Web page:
"Like the appearance of a rainbow in a cloud on a rainy day, so was the appearance of the brightness all around it. This was the appearance of the likeness of the glory of the Lord."
I recalled, Michael Haykin’s quotation (in Defence of the Truth, pp. 86-87) of Gregory of Nyssa who used the analogy of a rainbow to describe both the mystery of the Trinity and the nature of God (see Letter 38.5):
Yet receive what I say as at best a token and reflexion of the truth; not as the actual truth itself. For it is not possible that there should be complete correspondence between what is seen in the tokens and the objects in reference to which the use of tokens is adopted. Why then do I say that an analogy of the separate and the conjoined is found in objects perceptible to the senses? You have before now, in springtime, beheld the brightness of the bow in the cloud….
Now this brilliance is both continuous and divided. It is of many colours; it is of many forms; it is insensibly steeped in the variegated bright tints of its dye; imperceptibly abstracting from our vision the combination of many coloured things, with the result that no space, mixing or paring within itself the difference of colour, can be discerned either between blue and flame-coloured, or between flame-coloured and red, or between red and amber. For all the rays, seen at the same time, are far shining, and while they give no signs of their mutual combination, are incapable of being tested, so that it is impossible to discover the limits of the flame-coloured or of the emerald portion of the light, and at what point each originates before it appears as it does in glory. As then in the token we clearly distinguish the difference of the colours, and yet it is impossible for us to apprehend by our senses any interval between them; so in like manner conclude, I pray you, that you may reason concerning the divine dogmas; that the peculiar properties of the hypostases, like colours seen in the Iris, flash their brightness on each of the Persons Whom we believe to exist in the Holy Trinity; but that of the proper nature no difference can be conceived as existing between one and the other, the peculiar characteristics shining, in community of essence, upon each….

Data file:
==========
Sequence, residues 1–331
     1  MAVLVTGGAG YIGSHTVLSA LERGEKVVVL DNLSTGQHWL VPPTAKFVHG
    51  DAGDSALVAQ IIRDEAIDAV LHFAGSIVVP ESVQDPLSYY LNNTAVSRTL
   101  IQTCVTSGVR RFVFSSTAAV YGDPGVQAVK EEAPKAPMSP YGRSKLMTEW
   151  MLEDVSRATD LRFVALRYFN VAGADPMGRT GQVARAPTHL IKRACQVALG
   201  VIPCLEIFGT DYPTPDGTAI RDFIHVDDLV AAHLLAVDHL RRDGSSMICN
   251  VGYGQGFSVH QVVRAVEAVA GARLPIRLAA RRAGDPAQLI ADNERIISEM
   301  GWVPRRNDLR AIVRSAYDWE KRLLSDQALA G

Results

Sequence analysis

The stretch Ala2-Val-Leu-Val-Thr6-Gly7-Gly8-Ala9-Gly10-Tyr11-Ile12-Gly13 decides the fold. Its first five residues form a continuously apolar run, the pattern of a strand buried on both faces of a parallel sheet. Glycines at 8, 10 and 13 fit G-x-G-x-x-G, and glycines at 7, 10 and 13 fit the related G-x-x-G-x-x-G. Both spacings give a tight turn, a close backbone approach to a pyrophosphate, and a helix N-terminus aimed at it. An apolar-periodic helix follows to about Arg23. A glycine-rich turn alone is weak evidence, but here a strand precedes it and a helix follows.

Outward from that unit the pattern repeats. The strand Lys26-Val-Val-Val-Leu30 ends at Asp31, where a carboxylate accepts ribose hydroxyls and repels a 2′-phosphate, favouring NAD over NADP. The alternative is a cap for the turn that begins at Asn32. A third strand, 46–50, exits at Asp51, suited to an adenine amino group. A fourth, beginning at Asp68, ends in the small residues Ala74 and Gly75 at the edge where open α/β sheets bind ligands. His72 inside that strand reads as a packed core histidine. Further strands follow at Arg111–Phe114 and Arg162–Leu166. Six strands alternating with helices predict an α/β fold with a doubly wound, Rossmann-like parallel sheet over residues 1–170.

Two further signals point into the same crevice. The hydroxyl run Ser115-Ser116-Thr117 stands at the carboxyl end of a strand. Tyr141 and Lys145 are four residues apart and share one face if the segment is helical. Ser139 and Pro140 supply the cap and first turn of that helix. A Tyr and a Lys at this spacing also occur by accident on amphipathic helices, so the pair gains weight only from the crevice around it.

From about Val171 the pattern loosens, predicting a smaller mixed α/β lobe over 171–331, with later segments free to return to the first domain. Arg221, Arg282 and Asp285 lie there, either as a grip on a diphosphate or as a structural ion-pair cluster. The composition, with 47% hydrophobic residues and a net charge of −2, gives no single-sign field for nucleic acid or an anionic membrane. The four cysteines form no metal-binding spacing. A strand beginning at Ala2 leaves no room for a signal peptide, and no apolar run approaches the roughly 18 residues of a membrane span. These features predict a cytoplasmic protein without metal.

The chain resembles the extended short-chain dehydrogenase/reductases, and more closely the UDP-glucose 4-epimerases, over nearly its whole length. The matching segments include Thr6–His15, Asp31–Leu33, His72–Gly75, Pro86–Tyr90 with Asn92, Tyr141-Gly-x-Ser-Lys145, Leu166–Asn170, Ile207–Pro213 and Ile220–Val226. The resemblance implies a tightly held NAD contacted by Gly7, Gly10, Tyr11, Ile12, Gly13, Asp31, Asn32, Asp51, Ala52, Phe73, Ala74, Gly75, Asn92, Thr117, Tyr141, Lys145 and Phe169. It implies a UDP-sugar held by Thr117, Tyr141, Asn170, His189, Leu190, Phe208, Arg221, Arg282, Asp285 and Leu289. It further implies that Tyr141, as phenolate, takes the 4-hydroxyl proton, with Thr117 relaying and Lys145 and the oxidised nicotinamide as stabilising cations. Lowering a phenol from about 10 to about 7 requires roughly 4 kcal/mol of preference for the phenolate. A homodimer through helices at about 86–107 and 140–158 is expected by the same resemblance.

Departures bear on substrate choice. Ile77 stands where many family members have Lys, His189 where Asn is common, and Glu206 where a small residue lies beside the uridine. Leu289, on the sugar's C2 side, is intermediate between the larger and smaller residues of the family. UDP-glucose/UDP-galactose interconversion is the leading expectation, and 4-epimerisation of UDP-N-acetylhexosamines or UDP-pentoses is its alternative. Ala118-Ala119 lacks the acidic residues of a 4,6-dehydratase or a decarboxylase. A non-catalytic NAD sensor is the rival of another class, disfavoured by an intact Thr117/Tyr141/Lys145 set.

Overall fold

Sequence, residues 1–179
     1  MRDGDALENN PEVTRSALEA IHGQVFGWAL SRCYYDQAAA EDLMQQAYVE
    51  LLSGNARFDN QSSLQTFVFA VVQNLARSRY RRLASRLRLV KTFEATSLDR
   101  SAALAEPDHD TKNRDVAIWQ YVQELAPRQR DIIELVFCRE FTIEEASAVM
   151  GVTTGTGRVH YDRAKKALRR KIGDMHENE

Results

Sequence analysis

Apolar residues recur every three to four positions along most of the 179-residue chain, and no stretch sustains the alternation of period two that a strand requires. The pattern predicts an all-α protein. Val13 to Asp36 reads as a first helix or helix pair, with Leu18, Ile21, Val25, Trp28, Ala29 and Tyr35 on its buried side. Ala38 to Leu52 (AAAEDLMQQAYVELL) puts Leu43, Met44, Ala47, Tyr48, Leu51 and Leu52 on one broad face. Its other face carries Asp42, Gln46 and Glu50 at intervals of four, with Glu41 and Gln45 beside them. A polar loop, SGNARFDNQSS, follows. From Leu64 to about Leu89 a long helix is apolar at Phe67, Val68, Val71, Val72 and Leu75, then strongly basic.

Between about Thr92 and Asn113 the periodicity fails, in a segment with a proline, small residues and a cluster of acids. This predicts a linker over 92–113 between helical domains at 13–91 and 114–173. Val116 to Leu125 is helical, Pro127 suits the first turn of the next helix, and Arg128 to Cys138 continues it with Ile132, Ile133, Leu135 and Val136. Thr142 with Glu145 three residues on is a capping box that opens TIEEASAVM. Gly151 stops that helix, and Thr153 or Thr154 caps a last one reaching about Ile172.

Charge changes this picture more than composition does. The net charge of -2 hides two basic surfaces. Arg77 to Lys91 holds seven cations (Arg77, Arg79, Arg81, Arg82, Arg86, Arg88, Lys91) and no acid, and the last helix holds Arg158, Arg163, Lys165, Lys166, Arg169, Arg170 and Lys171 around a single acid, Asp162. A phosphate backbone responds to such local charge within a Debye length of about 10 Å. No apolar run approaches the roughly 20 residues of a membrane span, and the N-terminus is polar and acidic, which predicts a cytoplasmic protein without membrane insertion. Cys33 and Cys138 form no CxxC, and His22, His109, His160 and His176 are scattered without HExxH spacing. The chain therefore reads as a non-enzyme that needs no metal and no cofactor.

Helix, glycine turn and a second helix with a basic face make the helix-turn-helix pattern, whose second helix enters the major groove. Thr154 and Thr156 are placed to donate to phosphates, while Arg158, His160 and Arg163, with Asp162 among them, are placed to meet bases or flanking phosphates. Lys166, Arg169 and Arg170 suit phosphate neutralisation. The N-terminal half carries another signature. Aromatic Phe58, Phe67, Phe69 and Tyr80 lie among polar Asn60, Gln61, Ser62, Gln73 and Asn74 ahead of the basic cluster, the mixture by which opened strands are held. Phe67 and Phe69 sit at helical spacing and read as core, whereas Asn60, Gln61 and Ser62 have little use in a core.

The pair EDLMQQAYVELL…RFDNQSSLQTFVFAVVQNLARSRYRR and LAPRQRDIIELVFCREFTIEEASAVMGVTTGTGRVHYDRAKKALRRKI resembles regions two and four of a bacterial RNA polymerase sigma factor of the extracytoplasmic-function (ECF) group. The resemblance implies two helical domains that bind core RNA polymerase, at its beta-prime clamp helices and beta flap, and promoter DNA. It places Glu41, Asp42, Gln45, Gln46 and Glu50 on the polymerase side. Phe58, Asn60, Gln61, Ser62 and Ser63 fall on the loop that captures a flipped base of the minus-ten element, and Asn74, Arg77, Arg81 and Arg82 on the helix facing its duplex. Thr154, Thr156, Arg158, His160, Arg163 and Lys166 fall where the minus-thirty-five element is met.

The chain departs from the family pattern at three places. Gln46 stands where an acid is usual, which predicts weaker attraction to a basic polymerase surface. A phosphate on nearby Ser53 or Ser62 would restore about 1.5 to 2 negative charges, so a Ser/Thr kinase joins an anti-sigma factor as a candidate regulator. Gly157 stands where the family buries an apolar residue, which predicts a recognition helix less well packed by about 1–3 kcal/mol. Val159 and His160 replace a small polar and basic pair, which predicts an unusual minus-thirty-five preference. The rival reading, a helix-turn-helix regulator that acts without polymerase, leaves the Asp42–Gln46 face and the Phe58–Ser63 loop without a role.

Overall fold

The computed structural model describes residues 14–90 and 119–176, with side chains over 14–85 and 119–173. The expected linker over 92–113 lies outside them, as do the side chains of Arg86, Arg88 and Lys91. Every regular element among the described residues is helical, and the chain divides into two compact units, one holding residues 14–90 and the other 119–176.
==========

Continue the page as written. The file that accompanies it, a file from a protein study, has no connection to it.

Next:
My argument thus teaches us, even by the aid of the visible creation, not to feel distressed at points of doctrine whenever we meet with questions difficult of solution, and when at the thought of accepting what is proposed to us, our brains begin to reel….